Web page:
The Complete List of Data Security Standards
Concerned about data security? You’re not alone. With the proliferation of digital technologies, businesses are collecting and processing more data than ever. Data breaches are rising. While 45% of breaches were credited to malicious activities, 22% were due to casual errors. That’s a lot of sensitive information falling into the wrong hands.
But data security isn’t just about protecting sensitive information from hackers. It’s also about staying compliant to protect personal information. If you’re a business owner or decision-maker, you know how complex and constantly evolving regulations can be. That’s where data security standards come in.
Let’s look at data security standards, how they differ from regulations and frameworks, and which data security standards e-commerce and finance businesses should be aware of today. We’ll also provide tips on choosing the relevant standards for your organization and staying compliant.
What are data security standards and regulations?
Data security standards are guidelines, or criteria organizations can follow to protect sensitive and confidential information. These standards can help prevent unauthorized access, use, disclosure, disruption, modification, or destruction of data.
Many different data security standards have been developed by various organizations and agencies, such as the:
- International Organization for Standardization (ISO)
- National Institute of Standards and Technology (NIST)
- Payment Card Industry Data Security Standard (PCI DSS)
In addition to data security standards, there are also various data protection regulations that organizations may need to comply with, depending on their location and industry. These regulations establish legal requirements for handling and protecting personal and sensitive information.
Examples of data protection regulations include the General Data Protection Regulation (GDPR) in the European Union and the California Consumer Privacy Act (CCPA) in the United States.
Data security standards and regulations are particularly important for e-commerce and financial services businesses as they handle sensitive customer information regularly. Failing to comply with these standards and regulations can lead to serious consequences such as fines, legal action, and damage to an organization’s reputation. These businesses need robust data security measures to protect their customers’ information and remain compliant.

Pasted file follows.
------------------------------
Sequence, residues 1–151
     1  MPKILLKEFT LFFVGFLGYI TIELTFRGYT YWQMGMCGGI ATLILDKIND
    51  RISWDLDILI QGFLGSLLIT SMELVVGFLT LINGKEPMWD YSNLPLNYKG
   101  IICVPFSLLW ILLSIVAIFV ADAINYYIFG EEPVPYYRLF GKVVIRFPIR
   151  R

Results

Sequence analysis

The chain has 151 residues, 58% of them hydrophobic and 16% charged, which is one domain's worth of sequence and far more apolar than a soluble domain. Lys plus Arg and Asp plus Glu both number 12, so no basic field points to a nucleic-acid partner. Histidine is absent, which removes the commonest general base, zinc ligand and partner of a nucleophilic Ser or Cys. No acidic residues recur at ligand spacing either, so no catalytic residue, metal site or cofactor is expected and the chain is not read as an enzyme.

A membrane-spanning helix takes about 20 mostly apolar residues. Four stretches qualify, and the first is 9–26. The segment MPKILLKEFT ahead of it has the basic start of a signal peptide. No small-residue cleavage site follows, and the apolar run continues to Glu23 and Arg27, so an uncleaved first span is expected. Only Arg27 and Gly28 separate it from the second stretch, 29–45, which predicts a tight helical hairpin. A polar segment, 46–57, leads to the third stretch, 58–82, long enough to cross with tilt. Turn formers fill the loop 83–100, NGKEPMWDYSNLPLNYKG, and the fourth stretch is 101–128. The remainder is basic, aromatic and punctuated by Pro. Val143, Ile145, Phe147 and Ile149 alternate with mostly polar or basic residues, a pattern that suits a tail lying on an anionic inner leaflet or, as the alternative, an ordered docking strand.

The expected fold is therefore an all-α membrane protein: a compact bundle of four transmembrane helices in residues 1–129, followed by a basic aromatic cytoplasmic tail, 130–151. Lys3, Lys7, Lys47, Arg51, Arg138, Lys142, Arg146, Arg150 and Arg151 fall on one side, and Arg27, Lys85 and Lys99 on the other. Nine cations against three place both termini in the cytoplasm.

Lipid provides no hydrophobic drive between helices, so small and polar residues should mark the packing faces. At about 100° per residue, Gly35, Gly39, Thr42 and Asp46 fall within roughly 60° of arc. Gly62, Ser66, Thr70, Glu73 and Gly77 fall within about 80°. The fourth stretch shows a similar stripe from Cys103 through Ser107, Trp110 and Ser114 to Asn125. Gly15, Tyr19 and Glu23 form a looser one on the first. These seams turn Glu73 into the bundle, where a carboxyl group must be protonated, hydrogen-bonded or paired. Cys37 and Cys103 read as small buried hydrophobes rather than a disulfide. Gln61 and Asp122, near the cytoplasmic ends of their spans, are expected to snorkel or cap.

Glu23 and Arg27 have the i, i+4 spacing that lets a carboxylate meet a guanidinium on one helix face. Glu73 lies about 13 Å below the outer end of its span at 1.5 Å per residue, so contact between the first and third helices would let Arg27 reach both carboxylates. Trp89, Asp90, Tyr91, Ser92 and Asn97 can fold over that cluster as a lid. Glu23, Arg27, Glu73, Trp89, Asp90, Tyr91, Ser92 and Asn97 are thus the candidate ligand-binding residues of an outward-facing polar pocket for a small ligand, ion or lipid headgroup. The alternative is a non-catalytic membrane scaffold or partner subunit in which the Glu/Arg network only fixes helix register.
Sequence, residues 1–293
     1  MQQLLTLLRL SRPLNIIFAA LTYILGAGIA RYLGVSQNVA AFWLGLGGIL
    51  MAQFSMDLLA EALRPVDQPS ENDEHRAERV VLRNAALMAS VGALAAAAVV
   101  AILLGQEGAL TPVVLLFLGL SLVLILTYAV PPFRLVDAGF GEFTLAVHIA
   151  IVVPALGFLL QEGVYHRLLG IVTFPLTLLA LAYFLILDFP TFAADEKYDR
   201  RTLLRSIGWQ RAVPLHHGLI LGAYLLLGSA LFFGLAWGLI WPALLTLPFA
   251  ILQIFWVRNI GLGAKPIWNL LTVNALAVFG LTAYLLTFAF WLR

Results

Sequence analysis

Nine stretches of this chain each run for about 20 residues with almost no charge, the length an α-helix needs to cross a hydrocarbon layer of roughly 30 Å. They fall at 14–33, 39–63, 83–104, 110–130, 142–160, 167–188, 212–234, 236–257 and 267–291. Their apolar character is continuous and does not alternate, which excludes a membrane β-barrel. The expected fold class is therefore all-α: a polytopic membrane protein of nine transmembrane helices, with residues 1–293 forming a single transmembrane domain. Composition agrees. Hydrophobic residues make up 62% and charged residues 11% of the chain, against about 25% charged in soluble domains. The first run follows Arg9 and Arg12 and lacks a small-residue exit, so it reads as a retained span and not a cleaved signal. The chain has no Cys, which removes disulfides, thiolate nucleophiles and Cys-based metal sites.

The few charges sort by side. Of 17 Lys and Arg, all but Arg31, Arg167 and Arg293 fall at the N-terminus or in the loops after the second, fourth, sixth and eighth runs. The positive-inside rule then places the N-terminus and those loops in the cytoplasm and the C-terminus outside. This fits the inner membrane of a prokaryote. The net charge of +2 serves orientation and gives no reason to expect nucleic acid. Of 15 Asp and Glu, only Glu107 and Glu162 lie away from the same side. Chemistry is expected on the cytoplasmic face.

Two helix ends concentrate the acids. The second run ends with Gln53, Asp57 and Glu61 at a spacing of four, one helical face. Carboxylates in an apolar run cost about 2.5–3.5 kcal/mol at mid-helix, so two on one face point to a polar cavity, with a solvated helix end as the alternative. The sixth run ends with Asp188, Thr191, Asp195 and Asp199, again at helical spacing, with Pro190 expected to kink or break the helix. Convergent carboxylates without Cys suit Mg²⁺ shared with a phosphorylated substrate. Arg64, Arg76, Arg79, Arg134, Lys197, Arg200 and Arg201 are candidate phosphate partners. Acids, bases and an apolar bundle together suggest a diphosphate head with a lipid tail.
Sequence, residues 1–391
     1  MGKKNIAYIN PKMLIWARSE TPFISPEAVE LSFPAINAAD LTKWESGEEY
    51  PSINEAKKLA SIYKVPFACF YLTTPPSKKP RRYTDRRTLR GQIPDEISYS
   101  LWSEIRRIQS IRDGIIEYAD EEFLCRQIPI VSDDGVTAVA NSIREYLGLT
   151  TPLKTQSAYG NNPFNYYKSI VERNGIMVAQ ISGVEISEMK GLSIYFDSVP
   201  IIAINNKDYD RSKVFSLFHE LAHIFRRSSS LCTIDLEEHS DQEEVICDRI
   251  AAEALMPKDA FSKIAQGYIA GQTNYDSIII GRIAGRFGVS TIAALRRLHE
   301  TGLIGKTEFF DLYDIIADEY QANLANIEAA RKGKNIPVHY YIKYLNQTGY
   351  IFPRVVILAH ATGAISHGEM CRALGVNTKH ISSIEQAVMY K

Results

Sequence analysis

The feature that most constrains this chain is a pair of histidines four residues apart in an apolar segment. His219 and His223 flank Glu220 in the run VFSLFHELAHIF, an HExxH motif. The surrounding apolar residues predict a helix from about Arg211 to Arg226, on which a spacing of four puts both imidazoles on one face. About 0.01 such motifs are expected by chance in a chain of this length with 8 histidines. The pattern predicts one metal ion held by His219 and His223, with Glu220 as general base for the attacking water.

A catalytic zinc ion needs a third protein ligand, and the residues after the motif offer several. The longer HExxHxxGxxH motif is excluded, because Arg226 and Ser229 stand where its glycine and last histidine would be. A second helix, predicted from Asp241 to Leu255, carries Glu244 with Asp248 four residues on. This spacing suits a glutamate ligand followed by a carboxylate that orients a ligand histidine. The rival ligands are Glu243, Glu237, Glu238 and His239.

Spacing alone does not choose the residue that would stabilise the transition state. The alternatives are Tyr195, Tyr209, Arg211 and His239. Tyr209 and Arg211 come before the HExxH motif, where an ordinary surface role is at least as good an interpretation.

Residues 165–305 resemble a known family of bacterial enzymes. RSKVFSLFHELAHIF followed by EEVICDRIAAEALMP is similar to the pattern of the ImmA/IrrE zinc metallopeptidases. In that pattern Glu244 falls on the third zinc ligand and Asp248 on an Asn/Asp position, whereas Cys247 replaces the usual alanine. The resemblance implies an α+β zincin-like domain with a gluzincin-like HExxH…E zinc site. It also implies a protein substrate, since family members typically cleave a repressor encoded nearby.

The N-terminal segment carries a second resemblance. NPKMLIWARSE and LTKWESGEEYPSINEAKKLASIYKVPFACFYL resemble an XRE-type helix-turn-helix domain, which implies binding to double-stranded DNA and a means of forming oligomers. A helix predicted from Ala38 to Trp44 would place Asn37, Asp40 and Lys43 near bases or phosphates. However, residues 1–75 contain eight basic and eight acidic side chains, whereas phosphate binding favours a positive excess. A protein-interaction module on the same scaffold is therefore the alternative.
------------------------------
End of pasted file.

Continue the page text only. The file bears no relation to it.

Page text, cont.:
Security standards and vs. IT security frameworks
Security standards are a set of criteria organizations can follow to protect sensitive and confidential information. Different standards are developed by various organizations and agencies, such as the International Organization for Standardization (ISO) and the National Institute of Standards and Technology (NIST).
Some of these standards are mandatory, while others are voluntary and recommended as best practices.
IT security frameworks fall under a broader category. These encompass sets of policies, procedures, and guidelines that organizations can use to secure their information systems and protect against cyber threats. They’re usually not required by law and tend to be developed and maintained by organizations or third-party vendors.
The main difference between IT security frameworks and security standards is scope. Security standards can be very specific, focusing on particular aspects of data protection. Security frameworks provide a more holistic approach to information security and consider a wider range of security issues, providing a structure for addressing them.
While different, security standards and IT security frameworks can overlap. For example, an organization might use a specific security standard as a guide for implementing its security framework, or it might use a security standard to ensure its security framework is aligned with industry best practices. The common goal is to help organizations protect their information systems and data from threats and ensure their information’s confidentiality, integrity, and availability.
Why do data security standards matter?
Imagine you’re running an e-commerce business that processes online payments. If you don’t have solid data security measures, your attack surface could be vulnerable, potentially compromising your customers’ payment information. This could lead to financial losses for your business and your customers, not to mention damage to your reputation.
By following data security standards like the Payment Card Industry Data Security Standard (PCI DSS), you can protect your customers’ payment information and make sure you’re handling this data in a secure and compliant way.
How to choose the right data security standards for your organization
Regarding security, the motto “less is more” doesn’t feel appropriate, but navigating all the different standards available can be daunting. To help, we’ve listed a few things to keep in mind when choosing the relevant ones for your business: